Netflix vying for first rights to new TV series (Update)
(AP) -- Netflix Inc. is trying to buy the Internet streaming rights to a 26-episode drama starring Kevin Spacey before the series is shown on a television network.
If the deal is completed, it would mark a bold step in a new direction for Netflix's popular video subscription service. Netflix currently boasts more than 20,000 titles in its streaming library, but most of them are previously aired TV series and older movies.
The talks were reported earlier by Deadline.com. A person familiar with the negotiations on Wednesday confirmed Netflix's interest in the series, called "House of Cards." The person spoke on condition of anonymity because a deal hasn't been reached.
Should it win rights to "House of Cards," Netflix would emerge as an even more serious threat to pay-TV channels such as HBO. Netflix began the year with 20 million subscribers. Some analysts believe that by the end of this year the service could be as large as HBO, which is believed to have about 28 million subscribers.
As it has grown, Netflix has become more nettlesome for long-established TV services because some households are reducing or canceling their cable TV subscriptions as they find more to stream over high-speed Internet connections.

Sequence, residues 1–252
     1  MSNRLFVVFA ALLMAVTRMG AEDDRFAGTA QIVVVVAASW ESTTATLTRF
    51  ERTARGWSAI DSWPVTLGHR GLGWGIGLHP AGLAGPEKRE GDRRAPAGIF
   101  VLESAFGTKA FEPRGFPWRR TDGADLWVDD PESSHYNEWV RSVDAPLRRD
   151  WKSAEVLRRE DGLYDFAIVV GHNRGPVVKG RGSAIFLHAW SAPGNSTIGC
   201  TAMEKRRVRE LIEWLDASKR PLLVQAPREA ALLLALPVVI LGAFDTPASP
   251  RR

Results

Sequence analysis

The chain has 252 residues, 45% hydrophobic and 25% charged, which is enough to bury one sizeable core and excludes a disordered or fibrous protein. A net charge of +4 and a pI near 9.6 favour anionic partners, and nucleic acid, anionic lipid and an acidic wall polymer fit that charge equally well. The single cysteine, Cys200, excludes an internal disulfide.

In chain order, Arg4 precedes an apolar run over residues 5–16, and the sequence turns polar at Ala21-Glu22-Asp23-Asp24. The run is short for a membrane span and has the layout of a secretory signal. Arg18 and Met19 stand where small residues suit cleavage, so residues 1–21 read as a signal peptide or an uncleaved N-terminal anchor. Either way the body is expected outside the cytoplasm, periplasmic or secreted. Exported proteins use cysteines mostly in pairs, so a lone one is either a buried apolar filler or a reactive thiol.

Time Warner Inc.'s HBO has consistently refused to sell Netflix the streaming rights to its original programming, such as "The Sopranos and "The Wire," because it doesn't believe the extra money from licensing fees would offset the cost of helping a rival.
Now it appears Netflix wants to become more like HBO and other pay-TV channels such as CBS Inc.'s Showtime by gaining the exclusive rights to TV series.
"House of Cards" is a high-profile project backed by the production company Media Rights Capital II LP. Besides featuring Academy Award winner Spacey in the starring role, the series pilot will be directed by one of Hollywood's most respected filmmakers, David Fincher. His credits include directing "The Social Network," an Oscar nominee for best picture this year.
Even as he has insisted he doesn't want to produce its own programming, Netflix CEO Reed Hastings has been aggressively bidding for the exclusive streaming rights to more content in an effort to reduce the postal expenses of Netflix's DVD-by-mail option.
In its biggest streaming deal so far, Netflix last year agreed to pay nearly $1 billion in a five-year deal for the first rights to show movies and TV episodes from the pay-TV channel Epix, which is owned by Viacom Inc., Metro-Goldwyn-Mayer Inc. and Lions Gate Entertainment Corp.
Without providing specifics, the person familiar with the "House of Cards" talks said Netflix is offering to pay less than $100 million for 26 episodes of the series.
Netflix spent $406 million on Internet streaming rights last year, a more than six-fold increase from 2009.
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